Finding security in my Chicana identity

Elany Zavala, Reporter

Growing up, I always felt out of place. I knew on paper what my ethnicity was, but I didn’t feel like I had permission to engage with my own culture. As a Mexican-American girl, I constantly had one question on my mind: “Where the hell do I fit in?”

Even though California is an extremely liberal state, I’ve had to deal with people’s racism my whole life. I was born in Fullerton. My parents were both born and raised in Fullerton, and even attended Fullerton Union High School. Regardless, my most impactful experiences with racism have been at school.

Due to a lisp and my shy personality, my elementary school teachers and peers believed I didn’t speak English. Yet, English is my first language. I don’t speak any Spanish.

When I was 7, my mom, my sister, and I moved to Tennessee to live with my step-dad and his three sons. If anything, that made my relationship with my identity even more confusing. At my school in Tennessee, there were very few Mexican students and even fewer Chicanas. Me and the two other Mexican students became really close.

An eight-year-old Elany at a car show in Tennessee. (Photo courtesy of Rebecca Millian)

To most of my friends, I was their token Mexican. Even so, I didn’t live up to their expectations. I don’t speak Spanish, I like very few Mexican dishes, and I’m progressively getting less and less tan.

Moving back to California didn’t make it easier. The lack of diversity in my Tennessee elementary school made my first day at Nicolas Junior High a culture shock.

Yet, I quickly realized I still didn’t fit in. But this time it was because I wasn’t Mexican enough. I was– and still am– seen as the white-washed “fake beaner” of every friend group. When I’d mention not liking some Mexican foods, kids around me would be in utter shock. I’ve heard “How are you a beaner if you don’t like beans?” multiple times from multiple people.

My former best friend once told me that I benefit from my skin color, even though I wasn’t any lighter than her. She even swore that I wasn’t Mexican because I didn’t speak Spanish. Yet, a few months prior, she had won a Speech and Debate competition for a piece about how there isn’t one way to be Mexican. She had even said the words “Mexicans are still Mexican even if they can’t speak Spanish.”

The entire time I was struggling with my identity, I was also adjusting to a new relationship with my step-dad, Beto Millan. At the time, he was just my mom’s boyfriend. Even though I knew he was supposed to be my father-figure, I just couldn’t bring myself to call him “dad.”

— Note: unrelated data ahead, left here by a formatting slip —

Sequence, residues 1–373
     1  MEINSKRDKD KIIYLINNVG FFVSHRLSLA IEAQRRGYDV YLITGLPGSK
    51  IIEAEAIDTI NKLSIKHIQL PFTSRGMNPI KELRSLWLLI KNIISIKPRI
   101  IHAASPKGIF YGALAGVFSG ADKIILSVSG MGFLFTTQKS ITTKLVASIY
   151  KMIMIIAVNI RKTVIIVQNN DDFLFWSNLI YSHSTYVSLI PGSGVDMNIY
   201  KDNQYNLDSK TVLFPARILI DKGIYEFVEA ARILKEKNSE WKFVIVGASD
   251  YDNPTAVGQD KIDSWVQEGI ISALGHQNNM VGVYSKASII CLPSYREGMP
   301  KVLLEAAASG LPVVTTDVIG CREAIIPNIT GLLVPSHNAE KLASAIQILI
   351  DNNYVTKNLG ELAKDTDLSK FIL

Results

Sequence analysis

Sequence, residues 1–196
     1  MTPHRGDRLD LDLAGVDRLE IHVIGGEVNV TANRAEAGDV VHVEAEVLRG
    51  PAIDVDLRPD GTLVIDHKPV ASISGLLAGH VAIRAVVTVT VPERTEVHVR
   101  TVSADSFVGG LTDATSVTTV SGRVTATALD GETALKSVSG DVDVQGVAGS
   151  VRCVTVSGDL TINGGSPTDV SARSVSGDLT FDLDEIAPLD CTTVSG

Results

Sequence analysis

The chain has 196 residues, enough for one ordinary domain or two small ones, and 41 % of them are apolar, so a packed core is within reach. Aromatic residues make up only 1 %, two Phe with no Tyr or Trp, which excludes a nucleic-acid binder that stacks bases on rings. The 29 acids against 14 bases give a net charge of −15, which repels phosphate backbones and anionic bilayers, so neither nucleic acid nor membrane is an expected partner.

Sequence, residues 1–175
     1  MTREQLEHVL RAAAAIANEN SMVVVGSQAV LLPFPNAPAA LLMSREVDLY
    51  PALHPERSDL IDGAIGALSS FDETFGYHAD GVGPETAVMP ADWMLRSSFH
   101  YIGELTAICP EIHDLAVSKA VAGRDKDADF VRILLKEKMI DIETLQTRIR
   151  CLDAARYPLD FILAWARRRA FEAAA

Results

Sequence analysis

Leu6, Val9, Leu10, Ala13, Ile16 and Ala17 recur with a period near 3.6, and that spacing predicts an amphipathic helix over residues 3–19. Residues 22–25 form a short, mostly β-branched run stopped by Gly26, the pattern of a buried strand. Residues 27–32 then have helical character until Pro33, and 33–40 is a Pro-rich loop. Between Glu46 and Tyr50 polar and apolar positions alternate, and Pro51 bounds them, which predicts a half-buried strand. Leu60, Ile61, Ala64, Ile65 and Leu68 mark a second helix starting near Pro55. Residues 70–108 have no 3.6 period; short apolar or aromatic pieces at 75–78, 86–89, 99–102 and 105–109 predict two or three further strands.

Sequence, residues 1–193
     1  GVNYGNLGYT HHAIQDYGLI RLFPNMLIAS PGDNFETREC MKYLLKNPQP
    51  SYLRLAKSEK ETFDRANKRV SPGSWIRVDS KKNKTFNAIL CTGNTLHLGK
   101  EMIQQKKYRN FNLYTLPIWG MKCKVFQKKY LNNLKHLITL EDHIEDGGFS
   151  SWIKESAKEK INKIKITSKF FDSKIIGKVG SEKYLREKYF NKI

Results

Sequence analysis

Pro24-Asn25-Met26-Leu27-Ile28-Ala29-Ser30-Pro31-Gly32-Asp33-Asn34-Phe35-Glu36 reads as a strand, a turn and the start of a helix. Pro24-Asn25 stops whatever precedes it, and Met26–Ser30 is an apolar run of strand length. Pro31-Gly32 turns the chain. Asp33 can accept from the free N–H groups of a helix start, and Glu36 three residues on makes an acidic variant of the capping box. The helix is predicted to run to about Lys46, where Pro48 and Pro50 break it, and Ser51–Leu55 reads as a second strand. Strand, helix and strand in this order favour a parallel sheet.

Beto Millan shining his 1949 Chevy pickup, a project that took him about eight years. (Photo by Elany Zavala)

Since age 12, my dad has been involved with gangs. He didn’t want to be in a gang but needed to be to protect himself. Yet, being in a gang prevented him from doing what he loves. Lowriding has his heart. Unfortunately, at the time he couldn’t go to car shows for fear of other gangs showing up.

Yet, over the years gang activity calmed down. After joining our family, he no longer needed to hide himself. He didn’t need to fear being in the wrong place at the wrong time.

Back in California as a family and no longer fearing the dangers of gang life, my dad took us all to his first car show in Santa Ana. It was a dream come true for him, feeling safe while doing the thing he loves with the people he loves.

After watching my dad finally achieve his dream, I opened up to him about how out of place I felt. I was surprised to hear him say that he felt the same way growing up. He was too Mexican for Fullerton, but too Chicano for Mexico.

At that car show, we finally felt like we had a place. There’s no hate, no judgment, and nobody tells you that you’re too Mexican or not Mexican enough. Everyone shares the same passion for their cars. It was the first thing that made me feel comfortable in my Chicana identity.

(Left to right) Elany’s little brother Gabriel, Elany, little brother Abraham, mother Rebecca, father Beto, and older brother Manny in front of Beto’s second placing car. (Photo by courtesy of Louie Carranza)

My dad spent eight years building his truck. He was so nervous when he entered it into competition, fearing he might lose in front of his family. What he didn’t understand was that we were all proud of him regardless of the competition. My younger brother even snuck off to buy him a model figure that looked similar to his truck.

We all wore matching shirts with the name of the car club on it, “Brown Pride.” We watched joyfully as other attendees stopped to admire and take photos of his truck. My dad does not like having his photo taken. But when he won second place for his 1949 Chevy pickup truck, he proudly smiled and posed with his trophy.

It’s the moments like these when I truly fit in. No one is better than anyone else, and no one is not enough. Everyone gets to be who they are and be proud.

The misconception that a Mexican lowrider-owner is automatically a gang member is harmful. My mom says that Mexicans don’t care about the stereotypes people have, and even take pride in the behavior that people misconstrue. While that is true, people can still negatively affect the Chicano community by pushing this false narrative.

Mexican people are disproportionately approached by law enforcement when seen in certain types of cars. Lowriding is not hurting anyone, and the goal of “Brown Pride” isn’t to make anyone feel less than. It is more so to lift Chicanos up and encourage us to embrace our culture.

A competing car with a Californian flag, an American flag, and a Mexican flag. Car shows are never exclusionary, and any type of person can participate. (Photo by Madison Dominguez)